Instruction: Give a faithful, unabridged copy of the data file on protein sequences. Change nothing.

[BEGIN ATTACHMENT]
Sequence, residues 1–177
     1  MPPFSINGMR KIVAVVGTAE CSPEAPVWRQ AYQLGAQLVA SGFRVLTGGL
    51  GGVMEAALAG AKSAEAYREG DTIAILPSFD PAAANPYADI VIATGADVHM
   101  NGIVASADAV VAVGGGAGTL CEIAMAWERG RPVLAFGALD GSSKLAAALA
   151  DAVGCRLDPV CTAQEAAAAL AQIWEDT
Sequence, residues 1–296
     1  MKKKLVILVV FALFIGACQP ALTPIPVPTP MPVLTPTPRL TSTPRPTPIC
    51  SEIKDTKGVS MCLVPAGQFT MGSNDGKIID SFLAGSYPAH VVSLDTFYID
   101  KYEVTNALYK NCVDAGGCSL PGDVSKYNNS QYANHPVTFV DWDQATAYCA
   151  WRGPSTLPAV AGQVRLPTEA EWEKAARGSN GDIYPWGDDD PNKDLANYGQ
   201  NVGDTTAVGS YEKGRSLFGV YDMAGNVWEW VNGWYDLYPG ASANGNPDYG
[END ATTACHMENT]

Sequence, residues 1–177
     1  MPPFSINGMR KIVAVVGTAE CSPEAPVWRQ AYQLGAQLVA SGFRVLTGGL
    51  GGVMEAALAG AKSAEAYREG DTIAILPSFD PAAANPYADI VIATGADVHM
   101  NGIVASADAV VAVGGGAGTL CEIAMAWERG RPVLAFGALD GSSKLAAALA
   151  DAVGCRLDPV CTAQEAAAAL AQIWEDT
Sequence, residues 1–296
     1  MKKKLVILVV FALFIGACQP ALTPIPVPTP MPVLTPTPRL TSTPRPTPIC
    51  SEIKDTKGVS MCLVPAGQFT MGSNDGKIID SFLAGSYPAH VVSLDTFYID
   101  KYEVTNALYK NCVDAGGCSL PGDVSKYNNS QYANHPVTFV DWDQATAYCA
   151  WRGPSTLPAV AGQVRLPTEA EWEKAARGSN GDIYPWGDDD PNKDLANYGQ
   201  NVGDTTAVGS YEKGRSLFGV YDMAGNVWEW VNGWYDLYPG ASANGNPDYG